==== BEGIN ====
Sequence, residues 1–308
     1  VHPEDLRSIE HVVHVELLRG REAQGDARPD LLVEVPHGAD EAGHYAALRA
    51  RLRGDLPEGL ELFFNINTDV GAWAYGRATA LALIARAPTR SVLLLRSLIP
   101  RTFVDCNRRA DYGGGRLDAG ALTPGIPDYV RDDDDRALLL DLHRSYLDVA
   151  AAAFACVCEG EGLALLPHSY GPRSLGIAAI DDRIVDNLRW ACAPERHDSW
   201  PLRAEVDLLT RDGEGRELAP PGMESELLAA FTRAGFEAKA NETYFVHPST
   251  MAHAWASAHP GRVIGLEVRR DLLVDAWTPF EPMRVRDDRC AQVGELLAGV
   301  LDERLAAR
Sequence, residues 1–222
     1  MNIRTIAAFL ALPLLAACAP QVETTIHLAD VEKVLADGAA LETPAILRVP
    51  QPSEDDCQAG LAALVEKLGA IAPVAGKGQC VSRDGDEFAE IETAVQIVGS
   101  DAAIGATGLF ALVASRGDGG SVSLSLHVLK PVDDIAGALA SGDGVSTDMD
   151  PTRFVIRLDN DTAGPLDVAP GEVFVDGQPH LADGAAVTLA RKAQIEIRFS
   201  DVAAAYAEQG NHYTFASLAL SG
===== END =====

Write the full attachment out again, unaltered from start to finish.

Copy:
Sequence, residues 1–308
     1  VHPEDLRSIE HVVHVELLRG REAQGDARPD LLVEVPHGAD EAGHYAALRA
    51  RLRGDLPEGL ELFFNINTDV GAWAYGRATA LALIARAPTR SVLLLRSLIP
   101  RTFVDCNRRA DYGGGRLDAG ALTPGIPDYV RDDDDRALLL DLHRSYLDVA
   151  AAAFACVCEG EGLALLPHSY GPRSLGIAAI DDRIVDNLRW ACAPERHDSW
   201  PLRAEVDLLT RDGEGRELAP PGMESELLAA FTRAGFEAKA NETYFVHPST
   251  MAHAWASAHP GRVIGLEVRR DLLVDAWTPF EPMRVRDDRC AQVGELLAGV
   301  LDERLAAR
Sequence, residues 1–222
     1  MNIRTIAAFL ALPLLAACAP QVETTIHLAD VEKVLADGAA LETPAILRVP
    51  QPSEDDCQAG LAALVEKLGA IAPVAGKGQC VSRDGDEFAE IETAVQIVGS
   101  DAAIGATGLF ALVASRGDGG SVSLSLHVLK PVDDIAGALA SGDGVSTDMD
   151  PTRFVIRLDN DTAGPLDVAP GEVFVDGQPH LADGAAVTLA RKAQIEIRFS
   201  DVAAAYAEQG NHYTFASLAL SG